Gov. Bruce Rauner on Friday signed into law a bill that eliminates statutes of limitations for all felony criminal sexual assault and sexual abuse crimes against children.
Illinois Attorney General Lisa Madigan initiated the bill sponsored by Sen. Scott Bennett and Rep. Michelle Mussman. Effective immediately, the law applies to future felony child sex crime cases as well as current criminal cases in which the previous statute of limitations has not expired.
“Sex crimes against children are a horribly tragic violation of trust that can take a lifetime to recover from,” Madigan said in a press release. “This new law will ensure that survivors are provided with the time they need to heal and seek justice.”
Prior to the new law, Illinois’ statutes required that the most egregious sexual offenses against children must be reported and prosecuted within 20 years of the survivor turning 18 years old. Two exceptions existed for cases in which the crimes were committed on or after Jan. 1, 2014, and either corroborating physical evidence exists or a mandated reporter failed to report the abuse.
“A prosecutor’s ability to seek justice on behalf of a sexual abuse survivor should not be hindered by an arbitrary stopwatch,” said Sen. Scott Bennett, a former prosecutor, in a press release. “There should be no time limit on obtaining justice for the survivors of these horrendous crimes.”
The statutes prevented former U.S. House Speaker Dennis Hastert from being prosecuted for allegations of abuse against minors while he was an Illinois high school wrestling coach decades ago.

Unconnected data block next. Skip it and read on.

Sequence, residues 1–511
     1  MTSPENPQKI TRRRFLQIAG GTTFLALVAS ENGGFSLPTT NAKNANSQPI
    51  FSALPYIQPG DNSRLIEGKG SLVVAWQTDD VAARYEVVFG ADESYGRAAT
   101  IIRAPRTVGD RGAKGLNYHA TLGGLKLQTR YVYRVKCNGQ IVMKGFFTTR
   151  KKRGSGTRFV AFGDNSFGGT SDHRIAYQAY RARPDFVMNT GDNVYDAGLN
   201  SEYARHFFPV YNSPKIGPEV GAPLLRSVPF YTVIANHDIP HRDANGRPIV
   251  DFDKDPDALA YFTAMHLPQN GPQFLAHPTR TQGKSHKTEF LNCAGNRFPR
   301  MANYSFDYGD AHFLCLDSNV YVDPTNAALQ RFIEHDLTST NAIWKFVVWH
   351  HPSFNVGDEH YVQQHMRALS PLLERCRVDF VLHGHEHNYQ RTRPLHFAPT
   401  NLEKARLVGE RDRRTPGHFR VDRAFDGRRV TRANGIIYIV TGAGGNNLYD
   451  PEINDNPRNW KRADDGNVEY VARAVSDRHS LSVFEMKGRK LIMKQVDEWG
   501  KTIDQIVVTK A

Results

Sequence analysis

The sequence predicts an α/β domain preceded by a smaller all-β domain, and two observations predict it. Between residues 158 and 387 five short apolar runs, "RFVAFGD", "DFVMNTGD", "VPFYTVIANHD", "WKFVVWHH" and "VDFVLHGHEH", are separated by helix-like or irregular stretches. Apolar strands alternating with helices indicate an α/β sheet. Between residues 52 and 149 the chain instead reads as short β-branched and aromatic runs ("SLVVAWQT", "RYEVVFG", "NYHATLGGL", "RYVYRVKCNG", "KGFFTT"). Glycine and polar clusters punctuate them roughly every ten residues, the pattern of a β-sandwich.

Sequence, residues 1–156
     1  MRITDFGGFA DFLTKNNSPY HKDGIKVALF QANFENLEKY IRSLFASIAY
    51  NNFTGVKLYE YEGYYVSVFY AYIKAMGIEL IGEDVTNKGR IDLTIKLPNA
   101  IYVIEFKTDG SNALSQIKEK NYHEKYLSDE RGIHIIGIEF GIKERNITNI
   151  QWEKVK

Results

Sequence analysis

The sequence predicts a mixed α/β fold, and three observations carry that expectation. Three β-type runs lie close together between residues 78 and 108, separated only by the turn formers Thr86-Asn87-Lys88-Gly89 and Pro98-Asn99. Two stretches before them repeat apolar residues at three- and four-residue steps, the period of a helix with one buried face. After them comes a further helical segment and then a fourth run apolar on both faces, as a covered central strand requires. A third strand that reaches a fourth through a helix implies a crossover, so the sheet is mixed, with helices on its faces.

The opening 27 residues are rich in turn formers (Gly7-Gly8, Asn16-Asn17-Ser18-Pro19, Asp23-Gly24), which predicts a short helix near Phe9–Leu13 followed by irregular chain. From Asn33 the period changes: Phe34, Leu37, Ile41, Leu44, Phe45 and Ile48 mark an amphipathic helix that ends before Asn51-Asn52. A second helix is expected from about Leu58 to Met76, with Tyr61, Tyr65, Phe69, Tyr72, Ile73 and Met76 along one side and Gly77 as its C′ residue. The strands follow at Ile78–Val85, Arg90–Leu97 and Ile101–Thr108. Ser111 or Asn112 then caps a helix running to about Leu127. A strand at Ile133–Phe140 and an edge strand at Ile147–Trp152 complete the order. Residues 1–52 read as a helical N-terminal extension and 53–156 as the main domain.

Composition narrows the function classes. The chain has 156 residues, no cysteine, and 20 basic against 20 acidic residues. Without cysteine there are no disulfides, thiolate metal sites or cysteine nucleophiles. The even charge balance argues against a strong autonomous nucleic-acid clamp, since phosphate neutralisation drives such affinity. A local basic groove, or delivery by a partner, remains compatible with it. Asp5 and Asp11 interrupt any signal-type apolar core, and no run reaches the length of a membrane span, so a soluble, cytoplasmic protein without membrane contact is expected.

In 2015, Hastert pleaded guilty to federal charges connected to a hush-money scheme to allegedly keep sexual abuse allegations secret. During the sentencing phase of Hastert’s trial, Scott Cross alleged that he was one of Hastert’s victims.
“Dennis Hastert used his authority and position as a role model to violate the trust of the youth in his care – in the most unimaginable way possible. And despite the lives ruined and decades of pain and suffering the survivors continue to deal with, he will never be held accountable,” said Cross in a press release. “I am thankful that Illinois law will now allow survivors of these horrific crimes to come forward in their own time, and get justice – no matter how overdue.”
Illinois joins 36 other states and the federal government in removing criminal statutes of limitations for some or all sexual offenses against children.
“This law sends a message to survivors of felony child sex crimes that it is not too late to come forward and report to law enforcement,” said Polly Poskin, executive director of the Illinois Coalition Against Sexual Assault, in a statement.
“Holding abusers accountable is important in a survivor’s recovery. A survivor’s path to justice should not be unavailable due to Illinois’ statutes of limitations.”
Follow Kristen Thometz on Twitter: @kristenthometz
July 14: Law enforcement agencies have a new set of guidelines for responding to reports of sexual assault and sexual abuse.
Aug. 23, 2016: As the fall semester begins, a new law goes on the books in Illinois to deal with sexual assault on campus. Just how does it make colleges safer?
April 28, 2016: In court, Dennis Hastert admitted to being a sexual abuser. We hear from some professionals who treat victims of sexual predators about detecting the signs of child sexual abuse.